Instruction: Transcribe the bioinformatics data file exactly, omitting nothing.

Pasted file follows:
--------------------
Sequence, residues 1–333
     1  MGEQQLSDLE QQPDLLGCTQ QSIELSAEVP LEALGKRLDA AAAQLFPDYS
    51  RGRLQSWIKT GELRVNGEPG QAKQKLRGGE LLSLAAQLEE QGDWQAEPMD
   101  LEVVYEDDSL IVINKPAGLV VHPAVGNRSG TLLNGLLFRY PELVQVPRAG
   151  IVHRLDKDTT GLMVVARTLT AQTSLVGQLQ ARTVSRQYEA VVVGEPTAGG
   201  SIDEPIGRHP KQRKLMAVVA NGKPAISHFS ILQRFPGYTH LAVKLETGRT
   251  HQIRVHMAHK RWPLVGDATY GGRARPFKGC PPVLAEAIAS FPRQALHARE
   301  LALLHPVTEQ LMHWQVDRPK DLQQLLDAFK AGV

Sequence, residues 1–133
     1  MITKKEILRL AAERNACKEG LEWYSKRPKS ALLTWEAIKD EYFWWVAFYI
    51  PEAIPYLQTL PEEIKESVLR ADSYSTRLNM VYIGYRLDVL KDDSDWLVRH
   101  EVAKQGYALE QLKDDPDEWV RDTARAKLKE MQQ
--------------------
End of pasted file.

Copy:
Sequence, residues 1–333
     1  MGEQQLSDLE QQPDLLGCTQ QSIELSAEVP LEALGKRLDA AAAQLFPDYS
    51  RGRLQSWIKT GELRVNGEPG QAKQKLRGGE LLSLAAQLEE QGDWQAEPMD
   101  LEVVYEDDSL IVINKPAGLV VHPAVGNRSG TLLNGLLFRY PELVQVPRAG
   151  IVHRLDKDTT GLMVVARTLT AQTSLVGQLQ ARTVSRQYEA VVVGEPTAGG
   201  SIDEPIGRHP KQRKLMAVVA NGKPAISHFS ILQRFPGYTH LAVKLETGRT
   251  HQIRVHMAHK RWPLVGDATY GGRARPFKGC PPVLAEAIAS FPRQALHARE
   301  LALLHPVTEQ LMHWQVDRPK DLQQLLDAFK AGV

Sequence, residues 1–133
     1  MITKKEILRL AAERNACKEG LEWYSKRPKS ALLTWEAIKD EYFWWVAFYI
    51  PEAIPYLQTL PEEIKESVLR ADSYSTRLNM VYIGYRLDVL KDDSDWLVRH
   101  EVAKQGYALE QLKDDPDEWV RDTARAKLKE MQQ